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Posted: September 16, 2021

CMHA Kootenays honours suicide prevention month

By Erin Knutson

September marks suicide prevention month, and to honour the global campaign, CMHA Kootenays hosted World Suicide Awareness and Prevention Day live on Facebook at their Kootenays Branch Thursday (Sept. 9).

Natalie Hake

“Our hope for this event is that you find support, education, and help for your loved ones and even yourself,” said CMHA Kootenays Director of Public Services and Crisis Services, Natalie Hake.

Honourable guests, dignitaries, and speakers remembered lives lost and spread the message of hope, courage and touted a call to action from individuals, the mental- health field, and the government in the fight for suicide prevention.

According to the World Health Organization (WHO), the highest demographic for suicide is from youth and young adults aged 15 to 29. The WHO suggests that numbers are rising, and suicides globally are estimated annually at one million people.

In 2017, 4,157 suicides took place in Canada.

“This makes it the ninth leading cause of death in the country. The main barrier for people getting help is the social stigma associated with suicide,” said Hake.

World Suicide Awareness and Prevention Day originated in 2003 with the International Association for Suicide Prevention (IASP). It was then co-sponsored by WHO and the World Federation for Mental Health.

“This year’s theme, creating hope through action, means that we all need to address the issue of suicide prevention collectively through our communities. Whether it is family members, co-workers, educators, religious leaders, healthcare professionals, or elected officials, we need all hands on deck with this crisis,” said Kootenay East MLA Tom Shypitka (pictured above).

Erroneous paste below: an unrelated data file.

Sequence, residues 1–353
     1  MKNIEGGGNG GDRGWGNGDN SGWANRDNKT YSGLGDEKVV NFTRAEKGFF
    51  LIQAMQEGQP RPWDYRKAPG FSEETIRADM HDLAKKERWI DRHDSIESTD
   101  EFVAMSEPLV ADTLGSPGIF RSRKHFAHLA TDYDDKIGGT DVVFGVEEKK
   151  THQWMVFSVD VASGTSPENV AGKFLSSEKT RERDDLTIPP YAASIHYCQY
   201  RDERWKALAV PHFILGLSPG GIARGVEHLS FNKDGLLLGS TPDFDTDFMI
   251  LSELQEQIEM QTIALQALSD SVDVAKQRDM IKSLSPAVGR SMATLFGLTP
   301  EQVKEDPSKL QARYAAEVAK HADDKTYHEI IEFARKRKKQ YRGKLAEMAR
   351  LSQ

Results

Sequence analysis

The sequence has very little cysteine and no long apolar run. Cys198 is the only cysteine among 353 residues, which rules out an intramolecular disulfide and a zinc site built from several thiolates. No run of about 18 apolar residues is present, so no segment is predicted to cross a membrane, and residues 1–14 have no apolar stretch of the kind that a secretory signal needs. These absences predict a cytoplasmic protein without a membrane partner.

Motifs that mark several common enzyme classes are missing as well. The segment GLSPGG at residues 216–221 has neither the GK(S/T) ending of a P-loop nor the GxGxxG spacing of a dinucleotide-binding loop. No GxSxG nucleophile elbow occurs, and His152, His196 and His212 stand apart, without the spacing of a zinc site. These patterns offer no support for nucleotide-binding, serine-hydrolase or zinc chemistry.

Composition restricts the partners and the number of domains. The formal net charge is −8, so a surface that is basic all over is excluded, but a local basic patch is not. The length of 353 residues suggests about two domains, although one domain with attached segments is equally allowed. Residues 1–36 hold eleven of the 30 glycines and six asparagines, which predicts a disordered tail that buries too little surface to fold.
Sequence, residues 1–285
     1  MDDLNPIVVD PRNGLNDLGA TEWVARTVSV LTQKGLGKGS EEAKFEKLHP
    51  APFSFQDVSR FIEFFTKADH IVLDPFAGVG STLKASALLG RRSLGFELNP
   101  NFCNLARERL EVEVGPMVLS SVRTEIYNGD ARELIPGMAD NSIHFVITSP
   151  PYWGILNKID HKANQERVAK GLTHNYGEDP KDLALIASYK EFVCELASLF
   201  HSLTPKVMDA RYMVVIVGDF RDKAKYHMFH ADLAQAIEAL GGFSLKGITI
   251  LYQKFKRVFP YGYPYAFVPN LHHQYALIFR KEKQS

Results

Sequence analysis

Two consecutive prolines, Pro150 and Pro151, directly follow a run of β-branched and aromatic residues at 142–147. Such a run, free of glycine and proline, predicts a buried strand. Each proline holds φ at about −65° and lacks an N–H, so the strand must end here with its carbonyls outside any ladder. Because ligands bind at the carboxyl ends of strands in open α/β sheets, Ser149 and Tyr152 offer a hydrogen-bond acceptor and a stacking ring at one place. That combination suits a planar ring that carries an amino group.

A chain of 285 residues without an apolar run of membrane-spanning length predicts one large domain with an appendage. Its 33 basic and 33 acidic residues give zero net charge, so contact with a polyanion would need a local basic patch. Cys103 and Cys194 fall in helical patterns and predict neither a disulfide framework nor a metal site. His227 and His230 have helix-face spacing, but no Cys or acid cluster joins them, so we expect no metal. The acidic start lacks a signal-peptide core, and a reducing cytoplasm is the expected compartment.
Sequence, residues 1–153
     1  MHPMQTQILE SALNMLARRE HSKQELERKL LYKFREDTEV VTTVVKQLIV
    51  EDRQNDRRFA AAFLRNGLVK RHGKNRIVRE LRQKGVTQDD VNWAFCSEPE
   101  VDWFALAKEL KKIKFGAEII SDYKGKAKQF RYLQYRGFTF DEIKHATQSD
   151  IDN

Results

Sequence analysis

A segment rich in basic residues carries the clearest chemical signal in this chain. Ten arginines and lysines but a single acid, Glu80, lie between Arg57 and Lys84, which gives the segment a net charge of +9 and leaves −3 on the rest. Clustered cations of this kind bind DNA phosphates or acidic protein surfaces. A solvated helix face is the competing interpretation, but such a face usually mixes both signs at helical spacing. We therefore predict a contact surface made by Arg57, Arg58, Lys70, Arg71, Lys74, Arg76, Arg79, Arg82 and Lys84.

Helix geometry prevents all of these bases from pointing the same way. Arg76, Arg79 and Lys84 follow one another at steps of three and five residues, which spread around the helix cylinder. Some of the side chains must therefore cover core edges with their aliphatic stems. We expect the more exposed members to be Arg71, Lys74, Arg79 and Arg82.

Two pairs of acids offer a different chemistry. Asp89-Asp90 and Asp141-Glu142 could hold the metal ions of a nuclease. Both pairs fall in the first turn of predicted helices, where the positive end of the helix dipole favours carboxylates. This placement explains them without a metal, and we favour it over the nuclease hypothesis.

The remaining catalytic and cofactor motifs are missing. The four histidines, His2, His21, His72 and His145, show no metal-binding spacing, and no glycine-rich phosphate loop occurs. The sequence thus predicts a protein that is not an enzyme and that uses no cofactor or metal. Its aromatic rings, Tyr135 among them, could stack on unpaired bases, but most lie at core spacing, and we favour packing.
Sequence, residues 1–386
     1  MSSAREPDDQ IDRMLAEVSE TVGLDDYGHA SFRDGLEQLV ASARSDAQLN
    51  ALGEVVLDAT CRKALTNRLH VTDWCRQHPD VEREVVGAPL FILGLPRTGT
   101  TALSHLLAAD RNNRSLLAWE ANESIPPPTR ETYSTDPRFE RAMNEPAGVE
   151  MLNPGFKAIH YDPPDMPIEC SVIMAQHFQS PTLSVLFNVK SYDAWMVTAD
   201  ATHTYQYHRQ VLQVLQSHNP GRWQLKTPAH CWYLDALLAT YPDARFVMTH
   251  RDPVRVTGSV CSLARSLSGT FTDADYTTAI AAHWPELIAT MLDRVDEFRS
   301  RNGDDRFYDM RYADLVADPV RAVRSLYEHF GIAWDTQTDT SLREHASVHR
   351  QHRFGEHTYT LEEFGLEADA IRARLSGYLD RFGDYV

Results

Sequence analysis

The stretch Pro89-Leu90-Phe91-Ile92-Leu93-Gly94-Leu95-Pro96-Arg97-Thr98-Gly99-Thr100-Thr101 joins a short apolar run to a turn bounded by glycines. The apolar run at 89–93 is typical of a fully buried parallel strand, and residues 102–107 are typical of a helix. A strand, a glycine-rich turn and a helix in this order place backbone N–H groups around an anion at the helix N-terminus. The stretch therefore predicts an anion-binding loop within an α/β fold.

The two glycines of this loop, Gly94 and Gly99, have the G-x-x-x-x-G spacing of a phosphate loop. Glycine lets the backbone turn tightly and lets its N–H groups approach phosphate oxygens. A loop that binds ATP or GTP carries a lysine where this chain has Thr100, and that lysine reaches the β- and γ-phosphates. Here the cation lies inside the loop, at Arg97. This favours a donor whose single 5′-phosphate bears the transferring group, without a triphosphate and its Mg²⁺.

According to Shypitka, the goal is to raise awareness of suicidal behavior, enhance suicide prevention, and work on capacity building for suicide providers to develop sound practices and policies for suicide prevention, “not just in the East Kootenay but throughout the province.

“It’s important to highlight a very vulnerable population that we are losing to suicide, and that is our youth – 75 % of mental illness begins before the age of 25,” he said.

With the arrival of Foundry East Kootenay, which will be hosted by Ktunaxa Kinbasket Child and Family Services Society on the horizon, Shypitka emphasized his support for the facility, which will provide health and wellness resource services and supports for young people aged 12 – 24 in the community.

He encouraged people to donate, exemplifying the Not Alone Fundraiser hosted by the East Kootenay Foundation for Health to support the Foundry, which is slated to open its doors next year.

The Foundry requires $1.4 million to finalize its completion and to support operating costs.

“Policymakers and government need to continue to work together to bolster the social safety net and to improve access to mental health care,” said Shypitka.

Several attendees spoke on behalf of lost loved ones or bravely shared their accounts of mental illness.

Mental health advocate and suicide survivor Michelle Evans, who lost her 18-year old daughter Kassy to suicide, shared her story and her family’s struggle as Kassy battled a lengthy fight with mental illness culminating in the teenager’s death. Evan’s campaign is to honour Kassy and to prevent further tragedy.

“If anyone needs help, please reach out – all of our lives matter,” said guest speaker Debbie Patrick.

To donate to the Foundry, visit https://www.ekfh.ca/ .

If you are in crisis or need to talk and for 24-hour help, call:

1-888-353-CARE (2273) for the Crisis Line;

310-6789 for the Mental Health Crisis Line;

or 1-800 Suicide (1-800-784-2433) if you would like information, resources, or support during a suicide-related crisis for suicide-specific concerns.


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